I was on the verge of giving my well-trained, smiling reassurance that everything is fine. But what spilled out from me was a relieved, “Yes, I’d like that very much.”
Of course, I immediately panicked after we set a time to chat over drinks. To this day, I still don’t know what made me agree to it. I just knew then I had to find a way to get over my panic. There’s no backing out because I’d already said yes and I always make a point of taking commitments seriously.
As I sat there waiting for her to arrive, I thought about why I’m making this so hard on myself. Here I have the opportunity of opening up to someone who cared enough to reach out to me. Why not trust that she values this opportunity for connection just as much as I do?
So when she walked in, I smiled. And for the first time in my life, my smile felt genuine. We talked until closing time and it was the beginning of countless conversations over the years that always start from trust.
We’re now at a point where a light has appeared at the end of the tunnel. Vaccine manufacturers are working around the clock to meet global demand. At this rate, the Canadian population can expect to be fully vaccinated by December 2021.
But it could be a very long tunnel if we keep making the same mistake of refusing to trust one another. Of withdrawing into our own dark thoughts and assuming the worst of others. Of neglecting to empathize with the fact that they may be suffering just like us and in different ways than we can imagine.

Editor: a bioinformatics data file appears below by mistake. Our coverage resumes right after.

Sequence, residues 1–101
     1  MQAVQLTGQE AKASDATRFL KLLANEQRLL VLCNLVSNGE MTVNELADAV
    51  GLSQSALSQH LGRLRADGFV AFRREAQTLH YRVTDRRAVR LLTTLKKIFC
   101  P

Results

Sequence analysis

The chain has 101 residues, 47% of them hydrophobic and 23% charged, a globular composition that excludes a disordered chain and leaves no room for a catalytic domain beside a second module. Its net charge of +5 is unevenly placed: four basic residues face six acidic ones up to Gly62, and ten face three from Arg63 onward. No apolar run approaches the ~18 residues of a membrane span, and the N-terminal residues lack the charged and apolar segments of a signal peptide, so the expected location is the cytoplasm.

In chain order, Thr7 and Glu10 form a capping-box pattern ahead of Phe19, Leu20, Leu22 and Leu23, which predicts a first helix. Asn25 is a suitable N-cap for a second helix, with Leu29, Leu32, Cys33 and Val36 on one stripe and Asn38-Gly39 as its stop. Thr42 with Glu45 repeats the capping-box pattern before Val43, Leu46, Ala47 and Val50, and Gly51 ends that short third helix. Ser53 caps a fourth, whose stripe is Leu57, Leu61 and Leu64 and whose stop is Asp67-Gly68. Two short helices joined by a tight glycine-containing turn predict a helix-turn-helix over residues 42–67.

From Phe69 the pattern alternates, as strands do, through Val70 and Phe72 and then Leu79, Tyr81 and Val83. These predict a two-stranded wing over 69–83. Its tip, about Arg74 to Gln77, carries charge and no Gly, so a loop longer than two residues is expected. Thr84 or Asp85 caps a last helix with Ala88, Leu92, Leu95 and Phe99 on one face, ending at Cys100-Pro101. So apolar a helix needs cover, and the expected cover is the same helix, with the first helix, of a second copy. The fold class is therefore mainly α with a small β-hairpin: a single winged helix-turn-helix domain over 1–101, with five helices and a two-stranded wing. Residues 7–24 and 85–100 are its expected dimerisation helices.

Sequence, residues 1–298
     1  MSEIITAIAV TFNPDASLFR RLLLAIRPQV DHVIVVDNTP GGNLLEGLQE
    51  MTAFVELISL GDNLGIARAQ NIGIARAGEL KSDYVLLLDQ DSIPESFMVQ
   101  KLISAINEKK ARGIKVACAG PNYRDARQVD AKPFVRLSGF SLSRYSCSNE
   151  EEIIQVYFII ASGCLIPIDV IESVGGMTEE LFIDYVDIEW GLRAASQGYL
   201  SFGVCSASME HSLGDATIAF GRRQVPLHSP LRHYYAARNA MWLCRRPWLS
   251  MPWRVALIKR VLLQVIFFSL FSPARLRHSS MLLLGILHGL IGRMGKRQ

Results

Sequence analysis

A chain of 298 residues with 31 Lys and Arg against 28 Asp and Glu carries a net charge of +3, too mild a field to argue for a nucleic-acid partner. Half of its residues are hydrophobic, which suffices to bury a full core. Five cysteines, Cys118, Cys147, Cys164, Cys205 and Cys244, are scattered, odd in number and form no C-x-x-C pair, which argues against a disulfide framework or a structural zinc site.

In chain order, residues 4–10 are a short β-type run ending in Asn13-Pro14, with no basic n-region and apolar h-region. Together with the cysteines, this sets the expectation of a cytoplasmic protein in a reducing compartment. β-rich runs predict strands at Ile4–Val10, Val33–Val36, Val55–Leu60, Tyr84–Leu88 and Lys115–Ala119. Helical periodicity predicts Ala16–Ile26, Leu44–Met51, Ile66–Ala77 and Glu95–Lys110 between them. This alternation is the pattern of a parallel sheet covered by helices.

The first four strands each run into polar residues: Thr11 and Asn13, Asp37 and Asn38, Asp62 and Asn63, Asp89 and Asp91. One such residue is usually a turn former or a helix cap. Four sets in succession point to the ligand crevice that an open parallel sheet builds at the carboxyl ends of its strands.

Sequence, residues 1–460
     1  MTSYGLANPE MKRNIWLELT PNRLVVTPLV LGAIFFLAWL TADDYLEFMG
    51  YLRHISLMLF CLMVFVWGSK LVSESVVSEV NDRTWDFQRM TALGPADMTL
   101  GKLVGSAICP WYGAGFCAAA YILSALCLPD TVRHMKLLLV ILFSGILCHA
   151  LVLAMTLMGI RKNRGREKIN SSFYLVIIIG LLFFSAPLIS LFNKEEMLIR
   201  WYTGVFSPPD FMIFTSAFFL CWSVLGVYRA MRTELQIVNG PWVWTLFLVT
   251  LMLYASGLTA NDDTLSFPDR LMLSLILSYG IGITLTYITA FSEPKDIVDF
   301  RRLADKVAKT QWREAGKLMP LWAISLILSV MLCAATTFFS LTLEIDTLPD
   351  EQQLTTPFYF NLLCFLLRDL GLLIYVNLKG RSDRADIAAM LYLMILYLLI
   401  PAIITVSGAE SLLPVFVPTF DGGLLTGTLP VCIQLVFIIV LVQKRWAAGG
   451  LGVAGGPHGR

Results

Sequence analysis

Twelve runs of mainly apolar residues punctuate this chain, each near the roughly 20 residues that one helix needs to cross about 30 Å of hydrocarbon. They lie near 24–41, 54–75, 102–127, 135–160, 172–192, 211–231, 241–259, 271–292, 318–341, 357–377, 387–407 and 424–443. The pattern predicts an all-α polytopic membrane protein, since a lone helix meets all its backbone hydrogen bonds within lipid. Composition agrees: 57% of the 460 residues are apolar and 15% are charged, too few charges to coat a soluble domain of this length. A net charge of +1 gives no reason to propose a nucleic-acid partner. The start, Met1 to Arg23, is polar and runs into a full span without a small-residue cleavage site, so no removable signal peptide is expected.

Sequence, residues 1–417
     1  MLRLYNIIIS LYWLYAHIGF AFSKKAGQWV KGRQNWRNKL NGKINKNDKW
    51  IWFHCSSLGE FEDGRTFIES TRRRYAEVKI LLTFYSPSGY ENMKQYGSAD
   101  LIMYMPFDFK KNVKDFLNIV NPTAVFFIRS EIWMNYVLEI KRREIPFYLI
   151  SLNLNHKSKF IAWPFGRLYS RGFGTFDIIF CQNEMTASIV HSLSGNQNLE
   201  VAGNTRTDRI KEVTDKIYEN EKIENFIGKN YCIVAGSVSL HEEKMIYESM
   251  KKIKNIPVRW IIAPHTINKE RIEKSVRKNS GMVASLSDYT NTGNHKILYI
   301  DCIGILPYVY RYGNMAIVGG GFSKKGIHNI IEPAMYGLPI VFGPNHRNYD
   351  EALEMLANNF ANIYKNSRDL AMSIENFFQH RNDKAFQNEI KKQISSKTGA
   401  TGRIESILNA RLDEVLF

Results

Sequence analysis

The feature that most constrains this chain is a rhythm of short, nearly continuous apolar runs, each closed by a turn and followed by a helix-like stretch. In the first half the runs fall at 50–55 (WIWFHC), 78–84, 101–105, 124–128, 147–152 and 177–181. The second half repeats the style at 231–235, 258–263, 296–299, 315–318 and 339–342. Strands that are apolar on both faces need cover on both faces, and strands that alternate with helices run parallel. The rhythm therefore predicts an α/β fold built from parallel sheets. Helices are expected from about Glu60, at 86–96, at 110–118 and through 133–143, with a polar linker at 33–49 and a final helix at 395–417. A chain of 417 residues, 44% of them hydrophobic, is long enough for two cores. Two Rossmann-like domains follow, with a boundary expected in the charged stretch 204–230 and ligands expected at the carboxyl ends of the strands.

Maybe we really could’ve beaten the coronavirus in two months if we had pre-emptively trusted everyone right from the very beginning. We’ll never know because we never even gave ourselves that chance to try.
I’m not saying that trust itself is going to solve everything. But it is the starting point that makes any and all solutions possible.
Trust first. Reach out to talk with one another, no matter how different they are from you. Listen and try to understand what’s blocking them from moving forward. Work together to overcome common obstacles. And finally, be willing to ask for help over personal struggles and to offer help over theirs when able.
If we all deliberately practise this every day, how can the presumed differences between us not fade away? How can the old wounds that divide us not heal? How can the compassion that unites and strengthens us not return?
As for me, I will start reaching out to people I’ve lost touch with over the years. I’ll try to rekindle old friendships and hopefully also make new ones. It may be awkward – as I often am in all things social – but I trust we’ll find a way through together.